Tyson will once again use certain antibiotics in its chickens, eight years after it announced plans to ditch the drugs in some of its production and slapped a “no antibiotics ever” label on its packaging.
The company said the antibiotics it plans to use in chicken production are not important to the treatment of humans. Antibiotic use in food has come under intense scrutiny in recent years as some bacteria have become increasingly resistant to treatments as a result of frequent exposure to antibiotics. The Wall Street Journal first reported Tyson’s change.
About half of US poultry farmers use some form of antibiotics to help keep chickens healthy, the company noted. In many chicken farms, animals are raised in crowded and unsanitary conditions and can be prone to disease.
“At Tyson Foods, we base our decisions on sound science and an evolving understanding of the best practices impacting our customers, consumers and the animals in our care,” a Tyson Foods spokesperson said in a statement.
Tyson-branded chicken will begin using a “no antibiotics important to human medicine” label by the end of 2023. That standard, recognized by the USDA and the World Health Organization, allows for the use of antibiotics that are not crucial to the treatment of human diseases.
The shift to use some antibiotics marks a departure from the company’s stance in 2015, when Tyson
(TSN) said it would work to eliminate antibiotics from its production of wings, breasts and nuggets. At the time, Tyson
(TSN) said it was concerned about the rise in antibiotic-resistant bacterial infections in humans and wanted to play a role in reducing human antibiotic consumption.
“We don’t have all the answers,” said Tyson’s then- head of sustainable food production, Christine Daugherty, who now works for the Bill & Melinda Gates Foundation. “But we want to make sure that antibiotics continue to work.”
Tyson’s elimination of some antibiotics followed similar reductions by competitors Pilgrim’s Pride, which says it uses some antibiotics, and Perdue, which still says it does not. Tyson is the largest poultry producer in the United States.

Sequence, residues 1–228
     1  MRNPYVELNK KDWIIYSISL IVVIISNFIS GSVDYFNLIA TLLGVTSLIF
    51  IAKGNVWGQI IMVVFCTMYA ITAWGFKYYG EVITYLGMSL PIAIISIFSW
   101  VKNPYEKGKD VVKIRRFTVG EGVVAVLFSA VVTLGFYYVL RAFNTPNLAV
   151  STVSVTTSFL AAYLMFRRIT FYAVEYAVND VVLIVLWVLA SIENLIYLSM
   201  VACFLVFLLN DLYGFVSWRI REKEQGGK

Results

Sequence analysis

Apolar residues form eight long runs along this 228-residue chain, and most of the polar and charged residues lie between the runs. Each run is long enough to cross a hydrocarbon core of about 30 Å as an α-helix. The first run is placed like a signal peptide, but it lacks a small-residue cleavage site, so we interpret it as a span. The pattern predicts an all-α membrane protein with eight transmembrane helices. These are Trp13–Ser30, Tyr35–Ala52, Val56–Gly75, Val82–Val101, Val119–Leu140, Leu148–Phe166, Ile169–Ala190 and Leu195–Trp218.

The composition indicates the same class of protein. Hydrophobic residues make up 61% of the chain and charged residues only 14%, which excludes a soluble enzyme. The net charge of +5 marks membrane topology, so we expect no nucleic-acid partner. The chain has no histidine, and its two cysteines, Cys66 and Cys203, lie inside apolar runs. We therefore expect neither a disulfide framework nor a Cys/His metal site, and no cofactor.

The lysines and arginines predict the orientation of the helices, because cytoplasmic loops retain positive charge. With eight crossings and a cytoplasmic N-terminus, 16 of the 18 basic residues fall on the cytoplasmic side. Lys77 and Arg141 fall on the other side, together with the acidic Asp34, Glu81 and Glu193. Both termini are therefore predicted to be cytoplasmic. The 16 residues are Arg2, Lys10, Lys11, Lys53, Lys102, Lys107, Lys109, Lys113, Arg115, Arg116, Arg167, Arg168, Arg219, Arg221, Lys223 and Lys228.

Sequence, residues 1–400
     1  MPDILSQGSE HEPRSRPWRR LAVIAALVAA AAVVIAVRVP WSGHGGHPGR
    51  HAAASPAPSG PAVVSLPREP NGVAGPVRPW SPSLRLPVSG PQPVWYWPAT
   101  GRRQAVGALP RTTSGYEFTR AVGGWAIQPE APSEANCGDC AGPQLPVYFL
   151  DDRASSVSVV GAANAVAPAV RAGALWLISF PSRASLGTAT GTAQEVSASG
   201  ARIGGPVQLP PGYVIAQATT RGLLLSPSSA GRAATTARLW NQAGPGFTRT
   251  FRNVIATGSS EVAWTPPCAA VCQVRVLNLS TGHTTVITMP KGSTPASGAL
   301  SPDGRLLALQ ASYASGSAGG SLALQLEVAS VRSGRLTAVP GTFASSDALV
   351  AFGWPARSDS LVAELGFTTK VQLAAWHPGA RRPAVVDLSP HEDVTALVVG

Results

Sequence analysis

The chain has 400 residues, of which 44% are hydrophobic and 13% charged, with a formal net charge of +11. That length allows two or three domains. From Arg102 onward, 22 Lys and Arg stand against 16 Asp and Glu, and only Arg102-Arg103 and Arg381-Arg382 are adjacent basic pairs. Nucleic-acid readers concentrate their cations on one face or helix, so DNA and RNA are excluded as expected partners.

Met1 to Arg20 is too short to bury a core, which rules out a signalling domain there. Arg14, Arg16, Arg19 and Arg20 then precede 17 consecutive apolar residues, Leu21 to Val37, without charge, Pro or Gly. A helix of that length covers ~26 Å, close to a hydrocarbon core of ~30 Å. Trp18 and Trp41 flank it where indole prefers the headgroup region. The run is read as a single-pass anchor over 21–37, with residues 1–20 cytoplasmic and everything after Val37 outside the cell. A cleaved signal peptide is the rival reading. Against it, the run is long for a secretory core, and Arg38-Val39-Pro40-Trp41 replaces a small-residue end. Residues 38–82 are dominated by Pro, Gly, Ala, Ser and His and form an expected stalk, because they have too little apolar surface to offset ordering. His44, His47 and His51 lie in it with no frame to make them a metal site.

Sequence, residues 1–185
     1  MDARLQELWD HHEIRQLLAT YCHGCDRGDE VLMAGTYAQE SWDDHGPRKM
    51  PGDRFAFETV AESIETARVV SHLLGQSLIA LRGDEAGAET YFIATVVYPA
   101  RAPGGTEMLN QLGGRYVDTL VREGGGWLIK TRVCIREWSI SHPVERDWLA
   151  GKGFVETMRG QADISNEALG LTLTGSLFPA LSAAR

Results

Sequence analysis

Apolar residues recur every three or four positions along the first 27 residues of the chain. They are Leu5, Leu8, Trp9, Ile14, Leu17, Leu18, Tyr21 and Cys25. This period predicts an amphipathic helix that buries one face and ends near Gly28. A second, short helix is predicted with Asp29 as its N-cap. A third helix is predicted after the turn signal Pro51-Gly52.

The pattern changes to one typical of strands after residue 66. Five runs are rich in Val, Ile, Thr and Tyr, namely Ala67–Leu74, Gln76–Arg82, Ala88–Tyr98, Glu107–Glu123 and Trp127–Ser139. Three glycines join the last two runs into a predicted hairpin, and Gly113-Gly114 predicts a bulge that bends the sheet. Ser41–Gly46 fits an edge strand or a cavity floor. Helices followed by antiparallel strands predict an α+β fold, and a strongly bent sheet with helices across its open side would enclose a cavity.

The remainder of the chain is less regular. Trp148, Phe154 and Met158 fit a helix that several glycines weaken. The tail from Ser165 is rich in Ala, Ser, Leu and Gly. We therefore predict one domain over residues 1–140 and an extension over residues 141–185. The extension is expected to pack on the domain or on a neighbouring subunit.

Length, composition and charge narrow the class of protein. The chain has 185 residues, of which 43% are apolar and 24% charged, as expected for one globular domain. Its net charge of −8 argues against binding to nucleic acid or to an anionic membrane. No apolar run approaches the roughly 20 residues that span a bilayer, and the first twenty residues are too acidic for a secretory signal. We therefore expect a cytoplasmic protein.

But diseases can be difficult to control in chicken coops, as poultry farmers learned the hard way when a highly infectious avian flu ravaged poultry production over the past year, sending prices of chicken and eggs surging. That particular disease is not treatable with antibiotics, but other diseases that can kill chickens do respond to antibiotics.
In addition to chickens’ health, antibiotics are particularly important to promote growth in poultry for items like large broiler chickens. The company said its decision to transition back to antibiotics is in the best interest of humans and animals.
In WHO’s most recent publication on the “important to human medicine” standard, the group said there remains “clear evidence of adverse human health consequences due to resistant organisms resulting from non-human usage of antimicrobials.” It also said that the types of drugs used to promote growth and health in animals is “frequently the same, or closely related to those used in human medicine.”
With the understanding that antibiotic treatments at times could be important to meat production, WHO in 2007 developed a set of risk assessments that aimed to prevent important antibiotics for humans from being used in animal production.
It noted in that 2007 publication that “an appropriate balance should be struck between animal health needs and human health considerations – human health being, however, paramount compared to animal health.”